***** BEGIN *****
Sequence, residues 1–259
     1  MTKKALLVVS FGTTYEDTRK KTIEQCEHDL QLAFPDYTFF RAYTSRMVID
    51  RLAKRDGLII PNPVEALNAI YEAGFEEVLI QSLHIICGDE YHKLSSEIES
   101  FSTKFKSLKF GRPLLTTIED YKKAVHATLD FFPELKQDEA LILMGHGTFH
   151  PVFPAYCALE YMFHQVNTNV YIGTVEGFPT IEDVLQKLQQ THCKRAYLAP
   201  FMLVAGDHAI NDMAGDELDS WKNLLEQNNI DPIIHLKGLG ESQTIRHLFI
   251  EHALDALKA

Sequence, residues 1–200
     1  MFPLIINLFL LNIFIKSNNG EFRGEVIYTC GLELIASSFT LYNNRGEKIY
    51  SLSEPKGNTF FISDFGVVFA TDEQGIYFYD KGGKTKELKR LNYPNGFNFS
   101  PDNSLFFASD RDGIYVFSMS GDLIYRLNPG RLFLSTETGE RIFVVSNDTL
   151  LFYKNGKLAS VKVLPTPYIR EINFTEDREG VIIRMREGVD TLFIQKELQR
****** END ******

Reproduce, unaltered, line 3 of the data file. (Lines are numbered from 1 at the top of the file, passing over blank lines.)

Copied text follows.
    51  RLAKRDGLII PNPVEALNAI YEAGFEEVLI QSLHIICGDE YHKLSSEIES